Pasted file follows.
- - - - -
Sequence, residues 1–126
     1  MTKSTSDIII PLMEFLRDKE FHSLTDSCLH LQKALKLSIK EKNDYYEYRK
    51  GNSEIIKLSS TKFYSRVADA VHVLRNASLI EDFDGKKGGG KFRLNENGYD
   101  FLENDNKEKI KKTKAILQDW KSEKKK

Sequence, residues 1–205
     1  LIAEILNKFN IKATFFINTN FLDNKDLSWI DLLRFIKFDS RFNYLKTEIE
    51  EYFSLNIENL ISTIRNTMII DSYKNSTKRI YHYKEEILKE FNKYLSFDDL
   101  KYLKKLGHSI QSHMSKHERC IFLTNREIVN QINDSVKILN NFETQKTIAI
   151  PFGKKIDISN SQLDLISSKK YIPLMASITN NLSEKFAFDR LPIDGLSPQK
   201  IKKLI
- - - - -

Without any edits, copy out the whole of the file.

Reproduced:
Sequence, residues 1–126
     1  MTKSTSDIII PLMEFLRDKE FHSLTDSCLH LQKALKLSIK EKNDYYEYRK
    51  GNSEIIKLSS TKFYSRVADA VHVLRNASLI EDFDGKKGGG KFRLNENGYD
   101  FLENDNKEKI KKTKAILQDW KSEKKK

Sequence, residues 1–205
     1  LIAEILNKFN IKATFFINTN FLDNKDLSWI DLLRFIKFDS RFNYLKTEIE
    51  EYFSLNIENL ISTIRNTMII DSYKNSTKRI YHYKEEILKE FNKYLSFDDL
   101  KYLKKLGHSI QSHMSKHERC IFLTNREIVN QINDSVKILN NFETQKTIAI
   151  PFGKKIDISN SQLDLISSKK YIPLMASITN NLSEKFAFDR LPIDGLSPQK
   201  IKKLI